Common Mistakes of the Bankruptcy Means Test

Common Mistakes of the Bankruptcy Means Test

In order to file for chapter 13 bankruptcy, an individual must first complete the bankruptcy means test. The means test is a form that the individual needs to complete in order to determine if they are eligible for bankruptcy and it will also impact the length of the bankruptcy itself. The bankruptcy means test is not a simple form, and many  people make mistakes on the form, therefore being denied or delaying their bankruptcy. In order to avoid some of the common misunderstandings and mistakes of the bankruptcy means test, follow these simple steps for success.

Reporting Household Size

Reporting the correct household size is extremely important, as it will largely impact your bankruptcy determination. The courts use the household size to determine your average family income and the housing and expenses deductions. While certain courts have differing opinions on what constitutes your household size, it is always best to report the number of people in your household who are financially dependent on you. This would not count someone like an adult relative living in your house but supporting himself with his own income. However, other courts count household size as anyone and everyone living in your home. It is important to know what your court considers as household size before completing your form.

Deduction Mistakes

There are many deductions that need to be noted on the means test. Some of the most common mistakes center on reporting deductions incorrectly. This section will discuss some of those common mistakes. The first mistake is when individuals report deductions on the test that is not allowable deductions for bankruptcy. Examples include retirement accounts, 401K, and 401K repayments, student loan payments, and other college expenses. And the opposite is also true; not reporting allowable deductions is also a mistake some people make.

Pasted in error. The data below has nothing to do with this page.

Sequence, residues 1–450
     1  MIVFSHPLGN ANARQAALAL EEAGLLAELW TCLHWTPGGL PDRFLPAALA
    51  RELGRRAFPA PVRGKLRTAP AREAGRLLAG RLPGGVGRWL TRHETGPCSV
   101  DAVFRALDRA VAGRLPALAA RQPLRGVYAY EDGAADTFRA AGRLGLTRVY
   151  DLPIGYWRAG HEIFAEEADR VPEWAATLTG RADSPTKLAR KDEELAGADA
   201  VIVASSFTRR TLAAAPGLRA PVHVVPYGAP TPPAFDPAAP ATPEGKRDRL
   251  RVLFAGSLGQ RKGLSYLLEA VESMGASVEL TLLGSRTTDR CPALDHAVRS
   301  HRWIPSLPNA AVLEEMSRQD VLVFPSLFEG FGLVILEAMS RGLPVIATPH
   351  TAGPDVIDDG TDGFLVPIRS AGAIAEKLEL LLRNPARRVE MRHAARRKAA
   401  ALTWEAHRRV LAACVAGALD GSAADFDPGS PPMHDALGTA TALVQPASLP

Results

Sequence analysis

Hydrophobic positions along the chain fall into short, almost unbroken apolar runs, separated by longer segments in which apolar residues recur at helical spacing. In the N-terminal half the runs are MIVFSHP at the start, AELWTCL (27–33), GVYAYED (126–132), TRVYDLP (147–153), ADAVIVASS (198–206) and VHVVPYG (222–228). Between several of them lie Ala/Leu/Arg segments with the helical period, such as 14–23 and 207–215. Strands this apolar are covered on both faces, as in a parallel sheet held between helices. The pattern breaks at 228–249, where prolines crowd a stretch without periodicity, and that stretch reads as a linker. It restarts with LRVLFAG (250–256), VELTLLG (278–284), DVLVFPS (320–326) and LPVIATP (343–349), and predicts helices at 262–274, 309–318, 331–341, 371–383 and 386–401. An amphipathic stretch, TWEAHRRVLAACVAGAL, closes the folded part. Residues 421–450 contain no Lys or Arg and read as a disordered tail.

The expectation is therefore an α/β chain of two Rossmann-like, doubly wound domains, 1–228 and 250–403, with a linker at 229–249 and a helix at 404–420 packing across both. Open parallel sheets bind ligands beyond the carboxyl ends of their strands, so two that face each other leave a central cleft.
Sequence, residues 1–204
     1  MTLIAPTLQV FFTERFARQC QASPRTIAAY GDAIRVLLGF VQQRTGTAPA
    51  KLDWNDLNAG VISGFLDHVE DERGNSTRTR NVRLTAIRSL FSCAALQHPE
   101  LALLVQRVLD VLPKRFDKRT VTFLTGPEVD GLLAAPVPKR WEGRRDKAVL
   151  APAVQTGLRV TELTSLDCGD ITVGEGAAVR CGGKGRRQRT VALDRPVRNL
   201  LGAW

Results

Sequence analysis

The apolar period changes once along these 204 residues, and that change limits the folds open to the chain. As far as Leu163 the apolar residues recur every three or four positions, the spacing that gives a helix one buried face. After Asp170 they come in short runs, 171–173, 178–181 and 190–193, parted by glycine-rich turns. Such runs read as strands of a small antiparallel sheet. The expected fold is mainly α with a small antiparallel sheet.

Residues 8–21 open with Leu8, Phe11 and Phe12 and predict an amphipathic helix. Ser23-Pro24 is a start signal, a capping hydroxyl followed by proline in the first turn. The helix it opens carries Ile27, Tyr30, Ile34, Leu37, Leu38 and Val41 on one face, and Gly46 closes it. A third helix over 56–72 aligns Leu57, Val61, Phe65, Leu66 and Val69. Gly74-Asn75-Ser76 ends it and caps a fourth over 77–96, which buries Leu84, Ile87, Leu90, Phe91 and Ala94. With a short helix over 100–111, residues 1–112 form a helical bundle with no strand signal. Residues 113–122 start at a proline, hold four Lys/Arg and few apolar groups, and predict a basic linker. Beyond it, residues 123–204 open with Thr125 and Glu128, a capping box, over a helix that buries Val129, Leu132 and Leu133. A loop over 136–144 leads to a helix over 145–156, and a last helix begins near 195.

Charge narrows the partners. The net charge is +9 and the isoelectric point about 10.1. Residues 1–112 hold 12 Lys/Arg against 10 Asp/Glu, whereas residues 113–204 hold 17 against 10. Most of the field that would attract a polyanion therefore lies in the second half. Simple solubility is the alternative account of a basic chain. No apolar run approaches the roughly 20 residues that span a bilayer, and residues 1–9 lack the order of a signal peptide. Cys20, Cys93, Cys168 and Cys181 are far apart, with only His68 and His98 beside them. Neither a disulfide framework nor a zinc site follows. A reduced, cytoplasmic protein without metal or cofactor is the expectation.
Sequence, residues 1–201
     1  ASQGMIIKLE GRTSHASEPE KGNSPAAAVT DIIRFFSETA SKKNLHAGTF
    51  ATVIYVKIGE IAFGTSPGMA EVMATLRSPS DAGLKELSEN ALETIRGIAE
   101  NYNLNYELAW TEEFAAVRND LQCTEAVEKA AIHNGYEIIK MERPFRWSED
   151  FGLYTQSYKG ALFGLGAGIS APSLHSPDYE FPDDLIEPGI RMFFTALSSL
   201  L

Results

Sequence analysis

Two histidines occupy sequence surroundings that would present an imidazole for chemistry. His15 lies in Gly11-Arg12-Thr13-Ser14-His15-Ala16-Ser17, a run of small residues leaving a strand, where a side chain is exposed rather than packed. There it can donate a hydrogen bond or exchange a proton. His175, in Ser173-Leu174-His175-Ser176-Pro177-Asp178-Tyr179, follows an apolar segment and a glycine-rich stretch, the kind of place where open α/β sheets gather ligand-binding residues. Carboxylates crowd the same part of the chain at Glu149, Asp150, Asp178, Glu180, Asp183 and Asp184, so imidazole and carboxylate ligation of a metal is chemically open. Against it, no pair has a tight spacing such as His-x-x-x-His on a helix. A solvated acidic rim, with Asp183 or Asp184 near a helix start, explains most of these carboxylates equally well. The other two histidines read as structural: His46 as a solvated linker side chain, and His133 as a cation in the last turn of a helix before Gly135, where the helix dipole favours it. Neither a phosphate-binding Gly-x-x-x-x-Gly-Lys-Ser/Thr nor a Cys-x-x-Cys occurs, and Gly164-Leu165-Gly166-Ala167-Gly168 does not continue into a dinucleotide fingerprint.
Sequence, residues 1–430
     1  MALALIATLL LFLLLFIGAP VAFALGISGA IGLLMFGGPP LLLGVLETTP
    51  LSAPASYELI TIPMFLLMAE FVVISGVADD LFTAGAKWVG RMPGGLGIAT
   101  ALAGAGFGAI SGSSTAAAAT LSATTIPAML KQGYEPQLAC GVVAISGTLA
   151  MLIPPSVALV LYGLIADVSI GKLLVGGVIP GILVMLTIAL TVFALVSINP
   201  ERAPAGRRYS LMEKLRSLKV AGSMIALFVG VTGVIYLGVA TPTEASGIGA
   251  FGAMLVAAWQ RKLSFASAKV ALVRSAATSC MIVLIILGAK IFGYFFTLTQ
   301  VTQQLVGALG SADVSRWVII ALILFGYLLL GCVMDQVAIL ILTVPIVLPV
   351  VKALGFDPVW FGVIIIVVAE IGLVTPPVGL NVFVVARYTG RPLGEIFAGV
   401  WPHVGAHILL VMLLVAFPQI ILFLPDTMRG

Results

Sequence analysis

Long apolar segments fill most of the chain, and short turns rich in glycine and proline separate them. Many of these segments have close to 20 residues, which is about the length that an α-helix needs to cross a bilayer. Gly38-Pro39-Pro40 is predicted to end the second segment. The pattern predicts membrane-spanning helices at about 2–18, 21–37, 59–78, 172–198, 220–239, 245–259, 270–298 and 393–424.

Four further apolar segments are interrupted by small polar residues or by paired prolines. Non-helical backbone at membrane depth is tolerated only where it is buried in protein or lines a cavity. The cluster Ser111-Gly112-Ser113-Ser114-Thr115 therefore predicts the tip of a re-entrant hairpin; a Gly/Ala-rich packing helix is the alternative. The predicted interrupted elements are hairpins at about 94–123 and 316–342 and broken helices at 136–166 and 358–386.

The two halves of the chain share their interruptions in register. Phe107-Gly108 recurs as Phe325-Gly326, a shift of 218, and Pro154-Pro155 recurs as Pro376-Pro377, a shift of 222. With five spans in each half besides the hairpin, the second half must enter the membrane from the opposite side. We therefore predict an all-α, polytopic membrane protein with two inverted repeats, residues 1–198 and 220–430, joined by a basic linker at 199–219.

Not reporting certain deductions could prevent you from obtaining bankruptcy when you would likely have received it. Examples of deductions that some people fail to report could include payments toward court expenses, such as in a divorce, housing taxes, etc. And if you are filing for bankruptcy due to an ensuing divorce, and your spouse is not filing for bankruptcy, you can file for a marital adjustment deduction to help your cause.

Another common deduction mistake is in regards to housing and mortgage deductions. Your housing deduction that you choose will be determined based on whether or not you are keeping your house. If you are keeping your house, you will take the standard housing deduction that is listed on a separate line from the mortgage payment in order to claim the mortgage payment you are responsible for. If you are not keeping your house for any reason, you will take the standard housing deduction.

Completing the Test When You Don't Need To

You do not always need to take the means test when filing for chapter 13 bankruptcy. Two reasons why you would not need to complete the means test are if you are filing for business bankruptcy or you re a disabled veteran or in the army reserves. In this case, you would complete a different form other than the means test.

You would qualify for business bankruptcy if you have borrowed money for business purposes and you have developed debt as a result. Another example would be business back taxes, and in some rare cases, student loan debt. Don't delay your bankruptcy process if this is the case for you.

Income Mistakes

Your income is another major determining factor in chapter 13 bankruptcy and is therefore vital to completing correctly on the means test in order to gain bankruptcy. The income on the test must match the income documentation you provide. Your monthly income will also affect the amount of time you have to make bankruptcy payments throughout your chapter 13 bankruptcy. You must also report any other forms of income such as child support or other means.

With the right information, you can be sure to avoid some of these common mistakes on the bankruptcy means test and therefore avoid delaying your bankruptcy determination.

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